By Arpita Paul
The kaleidoscopic patterns of community-based beliefs, practices, and lifestyles have given India a vibrant collective identity, yet, this multiculturalism remains missing from the historical canon. Suppressed beneath the overwhelming patriarchal and Brahmanical popular narratives of history in India today is the nineteenth-century story of Nangeli. Her story is one of solo defiance against the repressive social apparatus of the southern Indian Kingdom of Travancore (fig.1) and her courageous sacrifice for her Ezhava community people.
Historically, Ezhavas worked chiefly as agricultural laborers, martial arts trainers for kings, Ayurveda practitioners, and were also involved in works like ship construction and weaving. Ezhava constituted 12.12% of the total population according to a document submitted to the Mahārāja (King) Sri Moolam Tirunal (1857-1924) in 1891. Yet, the Ezhava did not hold a single government position, signifying their systematic exclusion from the higher grades of services. Ezhavas were one of the “backward communities” under avarna, which had faced a long history of caste-based oppression by the upper castes. The subjugation of knowledge, restrictions on walking through all the public roads and entering temples, and exclusion from politics, sciences, and defense, accentuated their marginalized position in most of India’s recorded history. Treatment towards the low castes by the upper caste people was like that of enslaved people who “could be let on hire or transferred at the choice of the owner, offered as presents to friends or as gifts to temples, and bought, sold, or mortgaged in the same manner as the land on which they dwelt or as the cattle and other property of their owners.” And worst yet was the condition of Ezhava women, for whom patriarchy defined their role in society and value as individuals. From facing untouchability to restrictions on carrying an umbrella and even wearing shoes, Ezhava women experienced sexual violence, exploitation, and deprivation of any social status, dignity, or acknowledgment.
As Maitrayee Chaudhuri put it, “[c]ultural practices often chosen as emblematic of community identity pertain to women’s mobility and control of sexuality.” The caste difference for Ezhava women was made prominent through the enforcement of sartorial norms, which were pivotal in subverting the structures of their identity and social position. The upper castes disallowed Ezhava women from wearing the mookkuthi (nose-stud)—a mandate which, in case unfollowed, led to ripping out of the mookkuthi by upper castes, maiming the person and even leading to their social ostracism. Coercion was also witnessed by those who pierced their ears. Moreover, Ezhava women were restricted to wearing kallumala (stone necklaces) as a mark of their subjugation, unlike the upper caste women, who wore ornaments of gold or silver. Refusing to wear kallumala was met with consequences of brutal assaults such as rapes, chopping of breasts, and clipping of ears. The outburst against these interdictions was finally seen in the Mookkuthi Samaram (Nose Stud Agitation) of 1860 and Kallumala Samaram (Stone Necklace Agitation) of 1915, which were protests staged by the lower caste women against the social disenfranchisement, which was a warning of their non-complacent nature. Ezhava women were experts in weaving a typical variety of cloth, often referred to as melmundu (upper fabric to cover torso): smooth cotton with beautiful golden bordering, especially worn by upper caste Nair women. However, the weavers were not allowed to emulate the clothing style of the privileged upper-caste women.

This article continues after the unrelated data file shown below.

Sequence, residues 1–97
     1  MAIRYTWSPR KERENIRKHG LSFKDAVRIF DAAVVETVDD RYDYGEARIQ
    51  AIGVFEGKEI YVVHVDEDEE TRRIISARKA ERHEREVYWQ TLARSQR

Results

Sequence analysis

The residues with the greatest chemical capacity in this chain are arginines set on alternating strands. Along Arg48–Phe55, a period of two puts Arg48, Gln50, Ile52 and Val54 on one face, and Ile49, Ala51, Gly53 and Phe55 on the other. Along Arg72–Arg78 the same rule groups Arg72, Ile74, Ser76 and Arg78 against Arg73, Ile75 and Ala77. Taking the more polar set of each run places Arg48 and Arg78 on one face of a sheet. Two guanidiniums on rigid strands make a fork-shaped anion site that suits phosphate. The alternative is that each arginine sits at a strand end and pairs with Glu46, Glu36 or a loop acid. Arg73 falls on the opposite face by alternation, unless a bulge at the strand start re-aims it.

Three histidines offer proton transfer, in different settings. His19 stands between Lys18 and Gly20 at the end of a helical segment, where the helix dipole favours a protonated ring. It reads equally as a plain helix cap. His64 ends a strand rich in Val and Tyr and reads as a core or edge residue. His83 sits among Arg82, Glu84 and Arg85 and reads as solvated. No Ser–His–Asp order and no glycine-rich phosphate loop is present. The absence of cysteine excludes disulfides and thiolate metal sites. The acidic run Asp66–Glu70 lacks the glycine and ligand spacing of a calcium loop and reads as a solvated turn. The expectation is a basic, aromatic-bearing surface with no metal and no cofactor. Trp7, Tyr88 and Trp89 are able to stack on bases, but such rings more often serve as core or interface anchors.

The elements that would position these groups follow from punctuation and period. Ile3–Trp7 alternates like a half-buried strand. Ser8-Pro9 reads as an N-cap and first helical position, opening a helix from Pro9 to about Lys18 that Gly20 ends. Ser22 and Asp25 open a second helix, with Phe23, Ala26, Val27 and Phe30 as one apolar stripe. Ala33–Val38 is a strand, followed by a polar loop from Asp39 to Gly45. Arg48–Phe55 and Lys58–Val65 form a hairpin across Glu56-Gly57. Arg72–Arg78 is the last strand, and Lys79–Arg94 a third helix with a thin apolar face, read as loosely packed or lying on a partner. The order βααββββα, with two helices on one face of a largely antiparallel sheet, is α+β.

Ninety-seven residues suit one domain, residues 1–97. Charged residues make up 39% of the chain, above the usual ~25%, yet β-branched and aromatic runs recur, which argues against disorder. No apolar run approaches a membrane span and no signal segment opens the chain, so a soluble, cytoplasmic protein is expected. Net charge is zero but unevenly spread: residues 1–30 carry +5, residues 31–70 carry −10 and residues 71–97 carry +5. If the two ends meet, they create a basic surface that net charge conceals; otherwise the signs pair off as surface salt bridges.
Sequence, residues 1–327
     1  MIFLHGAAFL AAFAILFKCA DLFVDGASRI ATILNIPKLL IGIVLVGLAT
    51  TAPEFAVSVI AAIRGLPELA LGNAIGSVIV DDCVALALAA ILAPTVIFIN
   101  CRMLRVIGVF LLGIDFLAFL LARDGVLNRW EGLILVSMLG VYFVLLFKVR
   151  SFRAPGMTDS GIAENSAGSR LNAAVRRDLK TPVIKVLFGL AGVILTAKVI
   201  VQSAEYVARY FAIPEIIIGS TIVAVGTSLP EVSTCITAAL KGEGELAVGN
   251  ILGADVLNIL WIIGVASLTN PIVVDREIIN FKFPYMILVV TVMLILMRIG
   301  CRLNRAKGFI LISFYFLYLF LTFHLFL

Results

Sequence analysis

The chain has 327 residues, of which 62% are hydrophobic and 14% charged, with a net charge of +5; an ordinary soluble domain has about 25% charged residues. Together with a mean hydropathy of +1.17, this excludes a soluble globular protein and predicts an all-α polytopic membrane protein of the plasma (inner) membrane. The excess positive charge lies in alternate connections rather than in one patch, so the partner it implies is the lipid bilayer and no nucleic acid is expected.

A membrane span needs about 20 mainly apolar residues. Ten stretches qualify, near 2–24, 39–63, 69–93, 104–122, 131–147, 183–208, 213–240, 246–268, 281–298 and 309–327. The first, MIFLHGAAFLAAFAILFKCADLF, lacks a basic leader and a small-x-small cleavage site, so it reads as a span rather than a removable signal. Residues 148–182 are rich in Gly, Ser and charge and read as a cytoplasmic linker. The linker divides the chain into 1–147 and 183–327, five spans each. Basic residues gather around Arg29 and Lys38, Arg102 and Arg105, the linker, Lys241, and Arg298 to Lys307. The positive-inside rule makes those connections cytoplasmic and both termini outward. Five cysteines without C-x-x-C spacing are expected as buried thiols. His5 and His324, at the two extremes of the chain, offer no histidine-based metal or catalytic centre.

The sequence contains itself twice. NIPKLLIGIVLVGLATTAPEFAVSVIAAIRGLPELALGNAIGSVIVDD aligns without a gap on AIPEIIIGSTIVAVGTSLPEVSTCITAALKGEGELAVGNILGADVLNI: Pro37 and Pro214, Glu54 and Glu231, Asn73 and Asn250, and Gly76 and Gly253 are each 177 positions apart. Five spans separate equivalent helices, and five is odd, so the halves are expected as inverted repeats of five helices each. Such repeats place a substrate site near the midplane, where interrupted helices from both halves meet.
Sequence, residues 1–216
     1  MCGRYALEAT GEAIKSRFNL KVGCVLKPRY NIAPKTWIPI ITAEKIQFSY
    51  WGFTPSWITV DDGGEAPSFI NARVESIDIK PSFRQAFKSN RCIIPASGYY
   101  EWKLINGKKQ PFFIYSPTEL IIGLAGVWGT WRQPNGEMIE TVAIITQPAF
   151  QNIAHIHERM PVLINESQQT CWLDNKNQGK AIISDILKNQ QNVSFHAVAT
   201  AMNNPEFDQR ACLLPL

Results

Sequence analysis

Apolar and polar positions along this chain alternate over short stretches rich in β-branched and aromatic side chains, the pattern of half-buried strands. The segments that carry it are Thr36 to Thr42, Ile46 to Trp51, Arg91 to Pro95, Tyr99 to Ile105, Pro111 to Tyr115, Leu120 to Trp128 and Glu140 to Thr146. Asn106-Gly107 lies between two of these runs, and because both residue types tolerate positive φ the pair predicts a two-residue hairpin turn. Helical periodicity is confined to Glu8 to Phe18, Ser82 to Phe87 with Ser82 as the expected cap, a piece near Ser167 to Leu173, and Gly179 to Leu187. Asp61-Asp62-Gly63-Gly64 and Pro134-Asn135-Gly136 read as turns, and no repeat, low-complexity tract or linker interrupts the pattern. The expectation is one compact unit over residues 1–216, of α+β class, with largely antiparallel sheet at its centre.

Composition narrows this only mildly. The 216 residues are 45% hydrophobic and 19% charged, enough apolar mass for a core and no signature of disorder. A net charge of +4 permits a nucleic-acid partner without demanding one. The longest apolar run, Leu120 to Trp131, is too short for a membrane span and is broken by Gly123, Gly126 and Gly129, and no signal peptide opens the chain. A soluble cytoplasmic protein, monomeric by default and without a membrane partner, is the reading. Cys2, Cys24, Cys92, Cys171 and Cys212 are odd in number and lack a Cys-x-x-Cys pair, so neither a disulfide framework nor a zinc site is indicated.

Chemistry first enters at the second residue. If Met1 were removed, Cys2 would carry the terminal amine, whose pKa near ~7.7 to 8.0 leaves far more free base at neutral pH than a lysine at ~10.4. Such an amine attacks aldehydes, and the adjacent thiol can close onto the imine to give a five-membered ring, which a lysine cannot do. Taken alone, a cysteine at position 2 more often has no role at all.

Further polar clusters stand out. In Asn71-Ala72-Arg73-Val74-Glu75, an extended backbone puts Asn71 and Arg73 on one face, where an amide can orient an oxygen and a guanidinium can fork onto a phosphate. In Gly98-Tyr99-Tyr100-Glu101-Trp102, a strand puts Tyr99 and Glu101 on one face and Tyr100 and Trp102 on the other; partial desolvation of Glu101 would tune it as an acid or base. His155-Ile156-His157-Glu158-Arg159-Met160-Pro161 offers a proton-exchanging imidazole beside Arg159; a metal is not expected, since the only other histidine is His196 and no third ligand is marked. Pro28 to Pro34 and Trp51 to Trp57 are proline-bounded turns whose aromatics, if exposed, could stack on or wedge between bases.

One of the exemplary figures is Nangeli, who initiated Achippudava Samaram (the Breast Tax Agitation), a protest against breast tax that revolutionized the course of Indian history. To fulfill personal and colonial revenue demands, royal officials coercively extracted a horrendous “breast tax” from non-dominant caste Ezhava women according to the size of their breasts once they had passed puberty, a system known as Mulakaram, which flourished under the regime of the Kingdom of Travancore. (Women of all castes, except Brahmins, were supposed to stand half-naked to shower flowers upon the king and his convoy when they would pass through the streets of the city.) Nangeli, who lived in Cherthala, endured the humiliation of paying the “general” breast tax just like any other Ezhava woman until she was done with it. She started wearing melmundu as a mark of her protest, which many upper-caste men did not appreciate. One day, when the parvarthiyar (a tax collector official) was doing his door-to-door rounds collecting taxes for breasts, Nangeli stood waiting in her house with a sickle in hand that she had used to cut fresh plantain leavesthat morning, determined with rage that she will not pay the tax that day or ever again. As the official knocked and asked for the payment, Nangeli’s response to the long endurance of this undignified practice was chopping off her breasts, which then fell on the plantain leaf—her offering to the royal officials as her “final settlement of the tax.”